Also, I'm sorry I posted anonymously–I couldn't get my computer to log on to wordpress properly. My name is Blythe. 🙂 Also, I reread my comment–I am not attempting to be critical or dialogue with you because I don't think I know enough about the situation or Scripture to have an argument. I think I'm just asking for clarification.
Thanks for adding your name, Blythe. If you think I have a tone of bitterness, I can only say that I am not personally experiencing bitterness as I understand the term, though I do experience sadness for those hurt and those self-destructing by not being willing to repent.
Beyond that, I don't know what to tell you except that it is a very public issue that affects many around here personally. I meet woman after woman whose faith has been shaken by her experience at Mars Hill. Because Mars Hill was so good at evangelization, many people had their first church experience, good or bad, at Mars Hill. Since their one and only church experience is going very badly in a very public way, I am burdened that they know and are comforted by the fact that God was building His Body long before Mars Hill and will continue long after.
you said, “I was surprised as I read this because I did feel like the tone was bitter”.
When people lives are devastated and destroyed (even in part) by another human being, it is wholly appropriate to say “this is horribly wrong” in no uncertain terms. How much more so when that human being is someone who represents God, has powerful influence over people, and makes a living from it.
I'm quite sure you're confusing bitterness with honest appraisal of the truth. Perceived with eyes wide open.
Thank you for this post. It is refreshing to see someone talking about this a.) rationally and b.) with a clear understanding of the scriptures.
My husband and I are in the process of possibly leaving this church. My husband wants to see how all of this plays out, but the press release on Friday was really the last straw for me. We have been attending since 2007, and we grew tremendously in the church. However, the mysteriously high rate of pastor turn over, plus the scandals of the last year have really caused us to reconsider our membership. This whole thing is heart wrenching to the point that I feel physically ill thinking about it. I am very thankful for reasonable voices amidst this current chaos.
Amen Wendy. I too went through much at my Acts 29 church plant. Our pastor was well versed in Mark's very manipulative theology. Our building is gone and my reputation with it. The letter they mailed out to our entire church family has followed us for years. My life will never be the same after I made the mistake to stop ignoring the sin going on and start asking hard questions. The more quiet we are as a people of faith the stronger the foothold this kind of nonsense has in our churches.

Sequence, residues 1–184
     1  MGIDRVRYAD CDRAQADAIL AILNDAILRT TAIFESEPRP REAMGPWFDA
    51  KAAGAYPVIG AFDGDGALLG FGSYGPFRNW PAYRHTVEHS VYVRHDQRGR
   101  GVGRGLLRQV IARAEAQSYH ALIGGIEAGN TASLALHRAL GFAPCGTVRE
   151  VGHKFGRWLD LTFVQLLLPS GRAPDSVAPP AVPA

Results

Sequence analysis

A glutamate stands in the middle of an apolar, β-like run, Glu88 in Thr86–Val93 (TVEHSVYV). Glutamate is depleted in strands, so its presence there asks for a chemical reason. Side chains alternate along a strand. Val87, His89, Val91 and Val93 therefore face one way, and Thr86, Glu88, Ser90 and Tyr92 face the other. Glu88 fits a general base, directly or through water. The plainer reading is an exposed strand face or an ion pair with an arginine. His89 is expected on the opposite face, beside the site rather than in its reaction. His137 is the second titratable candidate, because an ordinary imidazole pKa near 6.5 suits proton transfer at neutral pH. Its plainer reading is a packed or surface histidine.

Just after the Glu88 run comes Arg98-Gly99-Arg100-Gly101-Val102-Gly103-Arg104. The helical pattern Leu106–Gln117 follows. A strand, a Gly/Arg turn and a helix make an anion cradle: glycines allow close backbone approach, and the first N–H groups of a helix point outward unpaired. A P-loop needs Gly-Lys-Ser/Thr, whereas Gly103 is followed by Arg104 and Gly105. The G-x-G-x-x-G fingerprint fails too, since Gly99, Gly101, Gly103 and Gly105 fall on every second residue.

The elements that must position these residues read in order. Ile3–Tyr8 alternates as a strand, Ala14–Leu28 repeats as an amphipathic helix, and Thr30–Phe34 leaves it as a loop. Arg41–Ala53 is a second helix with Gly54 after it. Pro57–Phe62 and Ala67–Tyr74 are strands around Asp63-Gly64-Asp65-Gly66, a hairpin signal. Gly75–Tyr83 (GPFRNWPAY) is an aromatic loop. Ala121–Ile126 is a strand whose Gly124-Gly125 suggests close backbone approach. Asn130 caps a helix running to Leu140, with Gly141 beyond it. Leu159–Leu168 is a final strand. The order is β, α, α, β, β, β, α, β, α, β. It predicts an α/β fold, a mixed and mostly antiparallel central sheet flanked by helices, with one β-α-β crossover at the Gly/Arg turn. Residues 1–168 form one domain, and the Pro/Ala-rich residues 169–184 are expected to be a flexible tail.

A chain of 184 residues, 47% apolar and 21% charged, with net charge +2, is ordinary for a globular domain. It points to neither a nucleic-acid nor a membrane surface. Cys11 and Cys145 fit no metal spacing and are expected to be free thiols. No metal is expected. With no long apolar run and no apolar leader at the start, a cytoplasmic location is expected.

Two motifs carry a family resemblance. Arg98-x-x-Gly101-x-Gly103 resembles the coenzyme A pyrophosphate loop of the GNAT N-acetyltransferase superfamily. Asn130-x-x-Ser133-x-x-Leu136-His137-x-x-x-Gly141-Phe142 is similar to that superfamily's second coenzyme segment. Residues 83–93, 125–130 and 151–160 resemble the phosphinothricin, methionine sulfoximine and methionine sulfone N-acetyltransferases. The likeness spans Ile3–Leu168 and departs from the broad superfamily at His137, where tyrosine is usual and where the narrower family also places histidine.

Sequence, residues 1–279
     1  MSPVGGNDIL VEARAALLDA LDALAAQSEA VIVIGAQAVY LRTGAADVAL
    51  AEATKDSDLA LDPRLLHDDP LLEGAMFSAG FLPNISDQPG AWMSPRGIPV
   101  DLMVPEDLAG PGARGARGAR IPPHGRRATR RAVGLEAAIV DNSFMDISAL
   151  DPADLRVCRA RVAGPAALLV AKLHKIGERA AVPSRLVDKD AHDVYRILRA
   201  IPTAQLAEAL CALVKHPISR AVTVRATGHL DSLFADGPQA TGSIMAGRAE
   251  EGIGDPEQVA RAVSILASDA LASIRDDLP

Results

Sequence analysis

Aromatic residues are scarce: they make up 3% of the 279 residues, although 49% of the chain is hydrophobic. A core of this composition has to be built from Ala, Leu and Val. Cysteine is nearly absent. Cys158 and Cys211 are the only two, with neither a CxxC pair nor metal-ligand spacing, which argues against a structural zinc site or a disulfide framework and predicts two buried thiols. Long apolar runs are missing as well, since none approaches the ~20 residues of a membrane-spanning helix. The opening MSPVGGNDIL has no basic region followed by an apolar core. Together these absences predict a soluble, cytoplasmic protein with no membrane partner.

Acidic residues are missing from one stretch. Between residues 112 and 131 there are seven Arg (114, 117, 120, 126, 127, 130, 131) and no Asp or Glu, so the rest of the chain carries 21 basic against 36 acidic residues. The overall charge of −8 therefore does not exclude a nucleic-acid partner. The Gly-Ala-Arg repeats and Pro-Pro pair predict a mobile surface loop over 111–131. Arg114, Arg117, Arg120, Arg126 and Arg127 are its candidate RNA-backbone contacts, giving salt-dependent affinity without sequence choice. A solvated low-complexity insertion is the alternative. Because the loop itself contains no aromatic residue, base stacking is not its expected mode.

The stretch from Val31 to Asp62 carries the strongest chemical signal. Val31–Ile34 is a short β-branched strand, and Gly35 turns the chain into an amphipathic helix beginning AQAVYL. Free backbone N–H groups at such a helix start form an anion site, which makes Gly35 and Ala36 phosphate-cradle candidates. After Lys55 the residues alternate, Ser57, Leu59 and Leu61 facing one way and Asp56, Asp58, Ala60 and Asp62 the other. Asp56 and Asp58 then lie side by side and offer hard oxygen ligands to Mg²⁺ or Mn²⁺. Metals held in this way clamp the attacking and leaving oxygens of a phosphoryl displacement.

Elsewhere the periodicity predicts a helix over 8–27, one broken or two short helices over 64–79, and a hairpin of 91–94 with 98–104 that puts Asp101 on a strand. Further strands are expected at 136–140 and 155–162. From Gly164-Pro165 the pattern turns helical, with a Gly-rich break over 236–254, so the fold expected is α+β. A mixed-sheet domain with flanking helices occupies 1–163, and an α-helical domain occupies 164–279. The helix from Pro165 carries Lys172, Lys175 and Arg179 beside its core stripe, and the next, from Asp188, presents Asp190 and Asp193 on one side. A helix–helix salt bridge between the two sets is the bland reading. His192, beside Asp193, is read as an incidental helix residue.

I have read your blog for a while now, and it is shocking how similar what has happened at my church follows your description of what has/is happening at Mars Hill. Unfortunately, I still attend my church as my husband has not decided otherwise. But I am limited in my involvement, am not in leadership, and I wait and pray for what God has for me since I am still here (either by his design or not – I am still his vessel no matter where I am.)
I struggle with current leadership that is fully aware of the sin, and admits to concern, but refuses to stand up. Even if the current leadership was replaced, I dont know that I can ever return to leadership or even involvement after seeing the gutlessness of the leaders to deal with sin and stand up for right.
It is a very difficult place to be.
I've been following along in the comments and wanted to come back and address this- I don't know if people realize just how incredibly wide reaching the influence of Driscoll and Mars Hill is. I live in the midwest and have zero personal connection to Mars Hill but I've heard Mark Driscoll quoted in sermons and seen his books front and center on church book tables and seen churches openly trying to model themselves after his… and I feel like it's been faith shaking even for ME, to see him held in such high regard. Even worse, every time I see anything remotely critical posted about him on FB, etc. there are always pastors and other people who come absolutely flying to his defense, which has been really unsettling to me because I don't think there's any explanation for it beyond a major cult of personality being at work. The more I know about Driscoll (and I'm not just talking about others' reports, but his own books, videos etc.) the more concerned I am by the cult following he has in reformed circles.
Thank you for this, Wendy. Your analogy about the tree branches and roots is spot on and addresses the critics who say “Mars Hill changed my life.” Mars Hill changed my life, too, at one point, and I know people continue to meet Jesus despite all this. But I agree that the infrastructure to care for new believers and those struggling with serious issues is lacking, and here will be the sad collateral damage when the tree is finally toppled. I'm with you — this is sad.